After doing a little more research on Southeastern bats, I learned some very interesting facts about these fascinating little nocturnal mammals. For instance, did you know that at certain times of the year we can have up to fifteen different species of bats in the southeastern United States? Or that all bats in the eastern United States feed exclusively on insects? They are the only major predator of night flying insects and may eat more than 50% of their body weight each night. Unfortunately, the amount of mosquitos they consume is not as great as once thought.

In late fall and winter the Little Brown Bat usually hibernates in caves and mines. Bats return from migration and awaken from hibernation as early as mid-March and they will be abundant throughout the summer and into early fall. By mid-October most will have migrated to more southerly states, or are going into hibernation. For more information about bats in our area please visit: www.tnbwg.org the Tennessee Bat Working Group website.

Hummingbirds. Here We Go!

Male Ruby-throated

Female Ruby-throated

Here we are in mid-July and the time everyone anticipates. Ruby-throated hummingbirds will soon ramp up their interest in feeders and the action will be fast and furious through the end of September.

For many of you the spring and early summer months produce little if any activity at your feeders. Why? Let’s not forget Ruby-throated hummingbirds DO NOT make the long journey here from Central and South America for the sugar water. They DO NOT NEED the feeders but will take advantage of them when they are through with nesting and fattening up for migration is their foremost concern. Hummingbirds have been migrating here for thousands of years to breed and to take advantage of the abundance of insects, which is their primary food source. They would come here even if hummingbird feeders did not exist.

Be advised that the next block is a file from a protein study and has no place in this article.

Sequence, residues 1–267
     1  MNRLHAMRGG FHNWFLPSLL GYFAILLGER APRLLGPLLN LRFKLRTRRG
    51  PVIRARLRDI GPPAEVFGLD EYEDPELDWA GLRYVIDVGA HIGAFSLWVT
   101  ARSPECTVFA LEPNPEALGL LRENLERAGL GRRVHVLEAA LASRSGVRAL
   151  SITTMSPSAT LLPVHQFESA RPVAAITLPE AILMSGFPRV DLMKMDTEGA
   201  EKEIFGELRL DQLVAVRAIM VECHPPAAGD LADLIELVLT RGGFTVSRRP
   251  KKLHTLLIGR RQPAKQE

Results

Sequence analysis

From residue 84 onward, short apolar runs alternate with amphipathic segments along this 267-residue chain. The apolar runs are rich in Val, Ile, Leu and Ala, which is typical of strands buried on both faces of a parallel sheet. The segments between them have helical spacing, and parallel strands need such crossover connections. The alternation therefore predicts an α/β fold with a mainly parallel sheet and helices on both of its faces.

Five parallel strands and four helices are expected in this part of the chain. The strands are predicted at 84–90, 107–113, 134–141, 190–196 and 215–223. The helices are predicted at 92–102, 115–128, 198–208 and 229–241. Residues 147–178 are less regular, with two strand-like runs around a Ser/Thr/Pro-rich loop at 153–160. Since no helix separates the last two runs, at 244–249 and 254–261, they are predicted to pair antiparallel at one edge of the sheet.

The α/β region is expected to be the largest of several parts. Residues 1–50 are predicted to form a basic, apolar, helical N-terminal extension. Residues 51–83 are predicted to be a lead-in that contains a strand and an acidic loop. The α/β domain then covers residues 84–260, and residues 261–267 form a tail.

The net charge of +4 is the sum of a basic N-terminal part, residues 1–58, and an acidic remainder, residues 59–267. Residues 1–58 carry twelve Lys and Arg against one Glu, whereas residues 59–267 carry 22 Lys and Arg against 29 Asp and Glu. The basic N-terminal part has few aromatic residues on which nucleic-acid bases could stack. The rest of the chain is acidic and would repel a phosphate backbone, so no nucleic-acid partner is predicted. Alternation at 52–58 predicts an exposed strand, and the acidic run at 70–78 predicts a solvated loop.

August through September is the peak time for us to see hummingbirds at feeders. Based on frequently asked questions at the store there's a lot of confusion surrounding Ruby-throated hummingbirds and the first few months they are here. It is true Ruby-throated hummingbirds begin migrating through and into TN as early as mid-March. At this time you may see some activity at a feeder as migrants move through, feed, and then keep moving. Or an early arrival summer resident may visit a feeder often for the first few days as it settles in after its long journey.

Although all summer resident hummingbirds of Tennessee have arrived by mid-May, most people will see very little of them and activity at feeders will be minimal and infrequent until at least mid-July when there is a sudden surge in activity.

It is thought by many the reason for this sudden surge is they have just "come back" from where they've been. Actually, it is that the summer resident hummingbirds have concluded raising one to three broods of offspring and are ready to begin taking advantage of nectar in feeders.

Ruby-throated hummers usually raise two chicks at a time so when the nesting phase concludes you may be seeing at least 6 young hummers coming to feeders.

Since hummingbirds feed on small insects an alternative way of feeding them is available.Try placing some fruit in a mesh sack and hang it near your hummingbird feeder.The fruit will draw fruit flies which the hummingbirds will readily devour.It is quite interesting to see a hummingbird dart its specialized tongue out to snag the flies. And it is their long tongue that laps up the nectar from feeders.

So, if you have been disappointed because you haven’t seen hummingbirds at your feeders that’s all about to change. Give your feeders a good cleaning and get some fresh nectar made (1 part sugar to 4 parts water). Remember, nectar is only good for about 3 days at a time in summer heat. Enjoy the action!